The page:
We all have strange family traditions, but however traumatizing it may be to see your uncle get drunk every Thanksgiving and wrestle with the turkey because it’s “tradition” we are certain your stories are nowhere close to these bizarre traditions that are still celebrated around the world.
So without other delays, please put on your xenophobic hats and let’s jump into the bizarre world of foreign traditions:
The Danube Race for the Cross
It’s January and somewhere around minus “damn it’s cold” degrees. Sounds like it’s time to throw a blessed cross into the icy waters of the Danube river and have teenagers swim for it. Wait what?
This tradition is just what you’d imagine: an orthodox priest throws a cross into the river, and as a hundred or more people watch; young men decide to get pneumonia by swimming in the freezing cold water. People applaud and the priest throws cold holy water over everybody, blessing them.
This tradition is celebrated all along the Romanian and Serbian side of the Danube and is supported by the Orthodox Church as a celebration of the baptizing of Jesus in the Jordan River. Because throwing a cross in the half-frozen Danube and baptizing someone in the desert are somehow equal in the minds of Romanians. Probably the home-made vodka everybody drinks before the event helps make the connection between the two.
An alternative take on the tradition is that throwing the cross in the water will make the devil run over the fields and wolves will hunt him down. It’s really unclear how the two are connected and why the wolves chase the devil, but like we said before the vodka probably helps.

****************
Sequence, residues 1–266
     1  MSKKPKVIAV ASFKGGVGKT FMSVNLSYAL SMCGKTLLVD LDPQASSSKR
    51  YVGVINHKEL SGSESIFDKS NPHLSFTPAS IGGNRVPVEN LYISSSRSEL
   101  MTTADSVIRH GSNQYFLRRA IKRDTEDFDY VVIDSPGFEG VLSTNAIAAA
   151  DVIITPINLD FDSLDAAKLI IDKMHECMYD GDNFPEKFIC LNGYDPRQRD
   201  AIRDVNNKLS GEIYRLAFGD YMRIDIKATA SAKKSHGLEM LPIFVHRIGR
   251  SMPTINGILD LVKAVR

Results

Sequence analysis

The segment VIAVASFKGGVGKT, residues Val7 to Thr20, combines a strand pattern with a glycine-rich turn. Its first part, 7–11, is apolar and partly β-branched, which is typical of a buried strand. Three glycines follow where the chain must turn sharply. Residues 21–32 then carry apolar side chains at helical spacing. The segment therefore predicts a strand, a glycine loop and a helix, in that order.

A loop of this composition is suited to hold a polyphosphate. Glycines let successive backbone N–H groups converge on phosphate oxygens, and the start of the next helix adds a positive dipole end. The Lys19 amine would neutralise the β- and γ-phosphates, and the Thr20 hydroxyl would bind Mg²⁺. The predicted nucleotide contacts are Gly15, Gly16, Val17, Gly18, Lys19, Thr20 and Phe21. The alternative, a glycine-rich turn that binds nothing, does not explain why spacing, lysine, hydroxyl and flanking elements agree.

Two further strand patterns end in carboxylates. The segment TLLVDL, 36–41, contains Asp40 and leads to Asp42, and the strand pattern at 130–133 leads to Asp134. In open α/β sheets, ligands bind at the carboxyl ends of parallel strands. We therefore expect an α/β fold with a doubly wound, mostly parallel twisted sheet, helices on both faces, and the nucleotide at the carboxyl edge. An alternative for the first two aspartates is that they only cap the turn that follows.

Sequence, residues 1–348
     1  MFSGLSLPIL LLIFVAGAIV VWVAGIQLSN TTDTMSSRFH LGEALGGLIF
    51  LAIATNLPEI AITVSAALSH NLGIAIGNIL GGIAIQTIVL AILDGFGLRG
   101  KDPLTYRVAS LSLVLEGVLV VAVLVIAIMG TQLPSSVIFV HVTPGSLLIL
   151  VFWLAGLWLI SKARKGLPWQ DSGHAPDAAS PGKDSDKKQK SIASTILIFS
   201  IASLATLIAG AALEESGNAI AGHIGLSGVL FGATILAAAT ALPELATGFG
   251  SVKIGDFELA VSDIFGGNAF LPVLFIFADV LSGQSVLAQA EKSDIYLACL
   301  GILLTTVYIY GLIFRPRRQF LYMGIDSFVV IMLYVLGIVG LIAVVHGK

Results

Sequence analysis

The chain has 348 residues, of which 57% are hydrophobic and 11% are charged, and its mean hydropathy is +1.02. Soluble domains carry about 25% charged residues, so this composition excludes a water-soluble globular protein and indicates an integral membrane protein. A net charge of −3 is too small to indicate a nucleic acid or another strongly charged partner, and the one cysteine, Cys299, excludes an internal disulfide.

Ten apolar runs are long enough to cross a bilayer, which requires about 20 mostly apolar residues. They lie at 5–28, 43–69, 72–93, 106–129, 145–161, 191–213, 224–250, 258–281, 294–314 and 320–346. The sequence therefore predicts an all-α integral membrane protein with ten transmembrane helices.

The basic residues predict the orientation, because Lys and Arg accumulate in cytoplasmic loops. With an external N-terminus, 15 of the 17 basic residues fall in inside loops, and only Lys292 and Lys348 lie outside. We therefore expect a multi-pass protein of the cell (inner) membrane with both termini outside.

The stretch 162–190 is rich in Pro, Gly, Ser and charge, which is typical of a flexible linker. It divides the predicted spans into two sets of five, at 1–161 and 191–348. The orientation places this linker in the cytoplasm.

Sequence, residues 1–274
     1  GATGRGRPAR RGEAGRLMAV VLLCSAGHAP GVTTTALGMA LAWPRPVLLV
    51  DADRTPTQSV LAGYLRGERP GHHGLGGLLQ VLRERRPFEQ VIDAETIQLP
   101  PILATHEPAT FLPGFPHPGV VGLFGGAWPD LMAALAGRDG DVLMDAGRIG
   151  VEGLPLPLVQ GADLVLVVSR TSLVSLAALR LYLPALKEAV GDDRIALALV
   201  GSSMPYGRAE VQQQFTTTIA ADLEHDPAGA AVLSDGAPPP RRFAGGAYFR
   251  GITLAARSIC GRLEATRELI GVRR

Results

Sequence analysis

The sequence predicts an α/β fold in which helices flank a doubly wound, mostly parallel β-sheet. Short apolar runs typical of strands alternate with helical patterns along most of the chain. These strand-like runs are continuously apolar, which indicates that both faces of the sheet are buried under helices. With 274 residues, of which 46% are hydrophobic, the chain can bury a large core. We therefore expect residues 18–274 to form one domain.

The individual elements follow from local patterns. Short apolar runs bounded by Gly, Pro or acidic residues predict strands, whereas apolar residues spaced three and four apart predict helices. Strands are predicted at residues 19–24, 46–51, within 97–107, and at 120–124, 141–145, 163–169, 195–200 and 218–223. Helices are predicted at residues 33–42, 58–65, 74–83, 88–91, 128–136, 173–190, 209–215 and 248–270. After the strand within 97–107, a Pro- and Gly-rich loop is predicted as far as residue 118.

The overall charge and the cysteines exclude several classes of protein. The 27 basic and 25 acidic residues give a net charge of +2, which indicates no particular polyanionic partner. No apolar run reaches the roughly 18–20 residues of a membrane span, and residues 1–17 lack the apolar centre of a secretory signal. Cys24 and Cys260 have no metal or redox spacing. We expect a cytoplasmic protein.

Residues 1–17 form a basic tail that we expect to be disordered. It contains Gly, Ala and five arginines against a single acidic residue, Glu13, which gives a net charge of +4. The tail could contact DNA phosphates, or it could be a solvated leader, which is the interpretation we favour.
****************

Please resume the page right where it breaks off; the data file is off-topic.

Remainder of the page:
The best part of this tradition is the prize: If you manage to get the cross back to safety first you are guaranteed good luck for a year, luck which will hopefully cure you of hypothermia.
Some other fun traditions related to this day in Romania are blessing your clothes so moths won’t eat them and not beating your children so they won’t swell…which alternatively could mean that beating your children on this day will make them swell like a balloon and fly away…
A lucky couple in Germany is ready to get married tomorrow, sounds like it’s time to go over to their house and break every piece of pottery we can find, then laugh at the couple trying to clean the mess. Wait what?
The above video displays a group of cheerful Germans breaking plates on a wall, to the sound of dramatic plate-breaking music. Although the video doesn't show this, apparently the couple to be wed must clean the mess made by their so-called friends before midnight. All this time the friends try their best to prevent the couple from making their front yard look less like a garbage dump.
It turns out that breaking plates is a popular pass-time activity in many places including Poland and Greece. Generations of Europeans are convinced that breaking grandpa’s chamber pot will bring you great fortune and good luck. But what makes the German tradition stand out is the fact that it’s your friends who break pottery in front of your house the night before your wedding, expecting you to clean the whole mess and provide food and drink. And somehow this is equated to having fun. Your browser may not support display of this image.
One explanation might be that, according to Wikipedia, the ones who take part in this event are those people not invited to the wedding. Such as Uncle Pat, the one who gets drunk every thanksgiving the, and not having him at your weeding might be worth the night of hassle and broken plates.
Wife Carrying contest- Finland
It’s Columbus day weekend, which means that it’s time to hoist your wife on your back and start running like nobody’s business. Wait what?
Wife carrying is a contest that started out in Finland, some say as a joke. However, there are historical records showing that this game was practiced every year since at least the 1800’s. Theoretically it’s celebrating a famous kidnapping of women by Viking men who then married them.
Nowadays the contest is taken very seriously with several styles of carrying your wife approved and official judges preparing the course track. Even more impressing the games are popular in several countries, including the U.S. where they take place every year in Maine and the prize is the woman’s weight in beer.